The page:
« Reply #4 on: March 11, 2012, 02:46:05 am »
Do you mainly use LTSpice for simulations?

I am not a big fan of simulations. If I simulate analog circuits I tend to use LTSpice. However, a lot of LTSpice is poorly documented, and some things aren't documented at all. To add insult to injury Linear actively disencourages discussion of undocumented features, considering it some kind of bad reverse engineering. Yeah, sure. Even just looking into a .asc file might be considered reverse engineering by them, although it is all ASCII (ups, I probably shouldn't have written that ...). But if you wondered why there are so few format converters for LTSpice, look no further.
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Offline Antlab

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Re: Meters in LTspice and Tina-TI (DC analysis)?
« Reply #5 on: March 11, 2012, 07:04:49 am »
i use tina-ti because it has function generator, oscilloscope and signal analyzer (educate me some level of how "expensive i cant afford" items work) :P. and it draws pretty neat too (except nonintuitive pan and zoom, to my paradigm standard)

I just started with Tina-TI, but I agree with you. It seems to have nice features, but the navigation, in particular the zoom, is horrid (I tried all the possible combination of Shift-Ctrl-Alt and so on with my beloved mouse wheel to perform zoom, but no luck  :-\).
 

Offline Antlab

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Re: Meters in LTspice and Tina-TI (DC analysis)?
« Reply #6 on: March 11, 2012, 07:07:50 am »
I am not a big fan of simulations. If I simulate analog circuits I tend to use LTSpice. However, a lot of LTSpice is poorly documented, and some things aren't documented at all. To add insult to injury Linear actively disencourages discussion of undocumented features, considering it some kind of bad reverse engineering.

The problem with LTSpice for me is also another one. I know that the user group has a lot of material available, but I find Yahoo Groups quite cumbersome to use, I would prefer a normal clean forum as this one.

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Offline Mechatrommer

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Re: Meters in LTspice and Tina-TI (DC analysis)?
« Reply #7 on: March 11, 2012, 12:15:25 pm »
but the navigation, in particular the zoom, is horrid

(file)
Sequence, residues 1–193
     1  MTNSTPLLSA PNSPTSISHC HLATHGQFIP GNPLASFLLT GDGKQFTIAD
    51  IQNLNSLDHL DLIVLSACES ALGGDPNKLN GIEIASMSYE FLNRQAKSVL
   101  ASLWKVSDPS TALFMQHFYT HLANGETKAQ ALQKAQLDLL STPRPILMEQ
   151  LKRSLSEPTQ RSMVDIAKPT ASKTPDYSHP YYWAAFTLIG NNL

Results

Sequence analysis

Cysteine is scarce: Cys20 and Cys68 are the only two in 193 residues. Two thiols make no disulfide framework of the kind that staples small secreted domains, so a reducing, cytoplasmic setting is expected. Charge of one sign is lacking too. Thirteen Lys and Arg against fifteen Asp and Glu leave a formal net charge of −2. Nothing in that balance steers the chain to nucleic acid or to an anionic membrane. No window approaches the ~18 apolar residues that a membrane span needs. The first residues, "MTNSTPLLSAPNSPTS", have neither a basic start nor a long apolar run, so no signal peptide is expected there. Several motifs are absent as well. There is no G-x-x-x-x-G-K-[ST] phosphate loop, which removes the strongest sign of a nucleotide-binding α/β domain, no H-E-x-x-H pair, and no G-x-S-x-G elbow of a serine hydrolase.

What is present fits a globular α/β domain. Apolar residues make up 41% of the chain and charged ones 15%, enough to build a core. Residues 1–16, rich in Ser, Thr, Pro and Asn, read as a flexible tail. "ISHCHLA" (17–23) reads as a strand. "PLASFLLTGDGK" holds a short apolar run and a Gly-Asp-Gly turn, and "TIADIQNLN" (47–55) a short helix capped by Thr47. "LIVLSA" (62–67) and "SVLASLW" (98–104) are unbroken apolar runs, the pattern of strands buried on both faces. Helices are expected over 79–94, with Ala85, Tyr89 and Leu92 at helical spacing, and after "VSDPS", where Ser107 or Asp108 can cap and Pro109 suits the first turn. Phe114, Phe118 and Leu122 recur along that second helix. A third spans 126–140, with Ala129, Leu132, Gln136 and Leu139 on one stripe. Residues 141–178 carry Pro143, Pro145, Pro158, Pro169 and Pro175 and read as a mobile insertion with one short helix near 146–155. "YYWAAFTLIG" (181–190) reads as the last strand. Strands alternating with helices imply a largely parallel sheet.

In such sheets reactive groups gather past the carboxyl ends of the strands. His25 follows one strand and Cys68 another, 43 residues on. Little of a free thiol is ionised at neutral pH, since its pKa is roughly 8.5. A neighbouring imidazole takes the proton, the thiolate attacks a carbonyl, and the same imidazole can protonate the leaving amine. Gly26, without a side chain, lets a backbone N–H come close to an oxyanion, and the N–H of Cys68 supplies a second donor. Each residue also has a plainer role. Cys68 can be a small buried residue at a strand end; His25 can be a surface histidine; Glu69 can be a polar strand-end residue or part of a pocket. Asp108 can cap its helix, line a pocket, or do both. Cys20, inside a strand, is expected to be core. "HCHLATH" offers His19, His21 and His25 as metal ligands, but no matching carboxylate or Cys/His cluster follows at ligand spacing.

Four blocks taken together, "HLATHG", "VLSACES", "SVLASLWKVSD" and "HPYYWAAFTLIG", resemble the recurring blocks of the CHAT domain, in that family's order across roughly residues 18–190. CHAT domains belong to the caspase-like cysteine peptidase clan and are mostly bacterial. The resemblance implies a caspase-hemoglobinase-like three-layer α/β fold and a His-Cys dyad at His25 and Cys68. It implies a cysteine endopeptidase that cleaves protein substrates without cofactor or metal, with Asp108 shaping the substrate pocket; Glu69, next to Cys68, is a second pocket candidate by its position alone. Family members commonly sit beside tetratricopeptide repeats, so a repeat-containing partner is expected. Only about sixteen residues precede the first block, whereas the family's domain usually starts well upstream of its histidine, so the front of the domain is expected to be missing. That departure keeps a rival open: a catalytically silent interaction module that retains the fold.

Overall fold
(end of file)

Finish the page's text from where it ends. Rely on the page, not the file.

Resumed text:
not horrid at all, just not intuitive enough. to zoom, you have to go to toolbar on top and click the magnifier lens icon or select magnification % from dropdown menu next to it. to pan, well use mousewheel, but only pan up and down. maybe they learnt from internet explorer how to pan (scroll up and down), then how do we pan left to right? (scrollbar at the bottom? classic!) i should give them some inhouse training on how to do things right :P or at least learn from more professional programmers like adobe's for the right application.
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Offline Bored@Work

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Re: Meters in LTspice and Tina-TI (DC analysis)?
« Reply #8 on: March 11, 2012, 09:04:59 pm »
The problem with LTSpice for me is also another one. I know that the user group has a lot of material available, but I find Yahoo Groups quite cumbersome to use, I would prefer a normal clean forum as this one.

And they are very protective of the Yahoo group and its contents. The moderator wants to be good friends with Linear and proactively prohibits discussions of things Linear might not like, like the discussion of undocumented features. They have a large collection of files, and specially adapted models, but some things are rather unsorted, of unknown copyright, and you have to become a group member to get access to the files.
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Offline icdesigner

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Re: Meters in LTspice and Tina-TI (DC analysis)?
« Reply #9 on: January 17, 2015, 06:20:16 am »
I found this one to help users get some features like zooming in with the scrollwheel, with TINA-TI :